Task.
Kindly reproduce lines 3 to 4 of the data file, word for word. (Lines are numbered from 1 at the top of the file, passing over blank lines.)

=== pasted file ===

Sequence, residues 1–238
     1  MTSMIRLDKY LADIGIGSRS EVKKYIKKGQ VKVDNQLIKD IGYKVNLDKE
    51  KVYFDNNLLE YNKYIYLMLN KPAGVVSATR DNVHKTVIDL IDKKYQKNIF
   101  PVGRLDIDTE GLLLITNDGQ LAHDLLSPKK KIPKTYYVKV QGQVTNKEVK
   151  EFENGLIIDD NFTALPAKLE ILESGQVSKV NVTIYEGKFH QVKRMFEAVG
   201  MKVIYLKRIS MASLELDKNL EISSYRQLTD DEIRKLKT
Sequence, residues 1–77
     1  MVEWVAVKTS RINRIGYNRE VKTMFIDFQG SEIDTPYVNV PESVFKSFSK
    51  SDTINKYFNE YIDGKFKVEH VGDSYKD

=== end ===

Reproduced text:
    51  KVYFDNNLLE YNKYIYLMLN KPAGVVSATR DNVHKTVIDL IDKKYQKNIF
   101  PVGRLDIDTE GLLLITNDGQ LAHDLLSPKK KIPKTYYVKV QGQVTNKEVK